VS.

Core vs. Fundamental

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  • Core (noun)

    The central part of fruit, containing the kernels or seeds.

    "the core of an apple or quince"

  • Core (noun)

    The heart or inner part of a physical thing

  • Core (noun)

    The center or inner part of a space or area

    "the core of a square"

  • Core (noun)

    The most important part of a thing; the essence.

    "the core of a subject"

  • Core (noun)

    The portion of a mold that creates an internal cavity within a casting or that makes a hole in or through a casting.

  • Core (noun)

    The bony process which forms the central axis of the horns in many animals.

  • Core (noun)

    Magnetic data storage.

  • Core (noun)

    An individual computer processor, in the sense when several processors (called cores or CPU cores) are plugged together in one single integrated circuit to work as one (called multi-core processor).

    "I wanted to play a particular computer game, which required I buy a new computer, so while the game said it needed at least a dual-core processor, I wanted my computer to be a bit ahead of the curve, so I bought a quad-core."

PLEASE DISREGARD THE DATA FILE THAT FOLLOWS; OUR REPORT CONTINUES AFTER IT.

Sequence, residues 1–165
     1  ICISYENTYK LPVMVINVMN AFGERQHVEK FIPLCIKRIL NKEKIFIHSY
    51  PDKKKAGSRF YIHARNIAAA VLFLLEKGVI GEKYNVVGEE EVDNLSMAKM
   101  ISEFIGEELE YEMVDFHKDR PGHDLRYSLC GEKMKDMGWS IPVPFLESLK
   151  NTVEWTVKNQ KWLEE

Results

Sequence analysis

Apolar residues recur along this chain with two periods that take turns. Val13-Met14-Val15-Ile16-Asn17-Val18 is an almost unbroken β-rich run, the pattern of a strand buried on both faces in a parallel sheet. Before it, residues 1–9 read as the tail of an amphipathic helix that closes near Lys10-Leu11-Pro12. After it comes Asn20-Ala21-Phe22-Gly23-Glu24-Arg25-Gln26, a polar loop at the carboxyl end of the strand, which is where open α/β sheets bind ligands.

• Core (noun)

    The material between surface materials in a structured composite sandwich material.

    "a floor panel with a Nomex honeycomb core"

  • Core (noun)

    The inner part of a nuclear reactor in which the nuclear reaction takes place.

  • Core (noun)

    A piece of soft iron, inside the windings of an electromagnet, that channels the magnetic field.

  • Core (noun)

    A disorder of sheep caused by worms in the liver.

  • Core (noun)

    A cylindrical sample of rock or other materials obtained by core drilling.

  • Core (noun)

    A tiny sample of organic material obtained by means of a fine-needle biopsy.

  • Core (noun)

    The central part of a protein structure consisting in mostly hydrophobic aminoacids.

  • Core (noun)

    The set of feasible allocations that cannot be improved upon by a subset (a coalition) of the economy's agents.

  • Core (noun)

    A hollow cylindrical piece of cardboard around which a web of paper or plastic is winded.

  • Core (noun)

    A body of individuals; an assemblage.

  • Core (noun)

    A miner's underground working time or shift.

  • Core (noun)

    : a former Hebrew and Phoenician unit of volume.

  • Core (noun)

    A deposit paid by the purchaser of a rebuilt part, to be refunded on return of a used, rebuildable part, or the returned rebuildable part itself.

  • Core (verb)

    To remove the core of an apple or other fruit.

  • Core (verb)

    To extract a sample with a drill.

  • Fundamental (noun)

    A leading or primary principle, rule, law, or article, which serves as the groundwork of a system; an essential part